Morgan State cries poor

Md. lawmakers disagree

University's president says support falls short of majority-white schools

Morgan draws heavy capital support from state

August 04, 2002|By Alec MacGillis | Alec MacGillis,SUN STAFF

When hundreds of Morgan State University students descended on Annapolis this spring to protest a delay in state funding for a new library, the rally inspired comparisons to the 1960s, when students marched on state capitols to demand fairness for black colleges.

But those comparisons obscured a crucial fact: Morgan State has, in the past dozen years, been highly successful in winning state funds for building projects, according to a new survey of state spending.

The university has been so successful in drawing state support that some state officials say Morgan State might soon reach the point where it will no longer need such a high level of capital funding.

Also, a debate is emerging among the state's African-American leaders over whether Morgan State can claim - as it did in the library dispute - that it continues to be shortchanged in comparison with the state's majority-white campuses.

"I would not say it has caught up from its history of underfunding, but I would say it has been treated fairly in my tenure in the assembly," said Del. Salima S. Marriott, a Morgan State graduate who taught at the university for 24 years and has represented Northeast Baltimore since 1991.

Del. Howard P. Rawlings, chairman of the House Appropriations Committee, was more critical of Morgan State's claims.

"It's part of the victim mentality that's prevalent in the mindset of so many people today," said Rawlings, a Baltimore Democrat and Morgan State alumnus.

Morgan State President Earl S. Richardson denies that the university's claims of unfair treatment are unjustified, saying the campus still lags far behind the state's leading public campuses.

"Though things seem to be going well here, because the neglect was so long, the urgency of the need is still compelling," said Richardson, now in his 18th year as president.

A survey by the Department of Legislative Services at the close of this year's General Assembly session shows that Morgan has received $185 million in state capital funding since 1989. This places it in a virtual tie for third among the state's 13 public campuses, behind the College Park flagship and the University of Maryland, Baltimore, which includes such professional institutions as the state's medical and law schools.

The tally puts Morgan State, with an enrollment of slightly more than 6,000 students, almost equal with the University of Maryland, Baltimore County, with 10,000 students, and well ahead of Towson University, with about 14,000 students.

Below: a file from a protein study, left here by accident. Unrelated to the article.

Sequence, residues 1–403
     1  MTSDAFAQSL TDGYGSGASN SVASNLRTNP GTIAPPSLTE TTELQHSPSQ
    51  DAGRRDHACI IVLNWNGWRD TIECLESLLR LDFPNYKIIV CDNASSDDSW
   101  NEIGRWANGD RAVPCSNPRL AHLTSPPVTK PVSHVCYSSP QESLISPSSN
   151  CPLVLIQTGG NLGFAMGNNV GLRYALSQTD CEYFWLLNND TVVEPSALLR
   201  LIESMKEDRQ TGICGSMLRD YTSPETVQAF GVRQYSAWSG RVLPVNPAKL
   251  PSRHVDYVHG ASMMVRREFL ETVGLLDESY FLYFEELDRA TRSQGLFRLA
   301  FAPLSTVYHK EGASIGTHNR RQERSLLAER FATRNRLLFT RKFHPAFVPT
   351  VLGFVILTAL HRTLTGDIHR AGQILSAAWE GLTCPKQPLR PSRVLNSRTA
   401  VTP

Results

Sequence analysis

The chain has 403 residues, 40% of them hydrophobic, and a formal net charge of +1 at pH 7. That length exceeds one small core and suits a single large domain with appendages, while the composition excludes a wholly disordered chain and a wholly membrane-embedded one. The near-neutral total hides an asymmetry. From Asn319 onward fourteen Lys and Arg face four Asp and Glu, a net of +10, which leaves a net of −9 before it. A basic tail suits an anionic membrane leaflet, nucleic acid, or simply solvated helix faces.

And it sets the campus in a class apart from Baltimore's other historically black campus, Coppin State College, which, with about 3,000 students, has received $19 million in capital funds since 1989.

Morgan State administrators, lawmakers and state higher education officials agree that the high level of funding has been needed to rebuild a campus that was neglected for most of the 1980s. The money has paid for, among other things, an engineering complex, dormitories and an arts center.

Still, lawmakers and educators say the time might soon come when Morgan State will have mostly made up for past neglect and policy-makers will have to decide whether it still needs extra state attention.

"It's a question of public policy, of asking, `What is the ultimate goal for Morgan?'" said Hoke L. Smith, former president of Towson University. "Do you want to make it into the leading African-American institution in the country? If not, then maybe they're getting close to a resting point - not a finishing point, but a resting point."

The question has increasing relevance now, with the state facing budget constraints and with other campuses - notably Coppin State and Towson - saying that they need the kind of concerted support Morgan received for the past decade.

Complicating the debate are shifting personal dynamics. The library funding dispute exposed the growing tension between Richardson and Rawlings. And next winter, Morgan State will lose one of its strongest allies when Senate Majority Leader Clarence W. Blount retires. Blount, like Rawlings, has a campus building named for him.

Everyone agrees that Morgan State has come a long way in 20 years. A former seminary that moved to its Northeast Baltimore location in 1917, the university has long enjoyed nationwide recognition and is the only one of the state's historically black colleges to draw large numbers of students from out of state.

By the 1980s, it was struggling with a divided board, accounting troubles and an enrollment that had plummeted to 3,300 students from a high of 6,300 in 1972. With the school shrinking, lawmakers saw little reason to increase its funding.

That changed in the late 1980s, when then-Gov. William Donald Schaefer, then-Sen. Francis X. Kelly and Sen. Barbara A. Hoffman visited the campus and were so alarmed by what they saw that they resolved to rescue the college.

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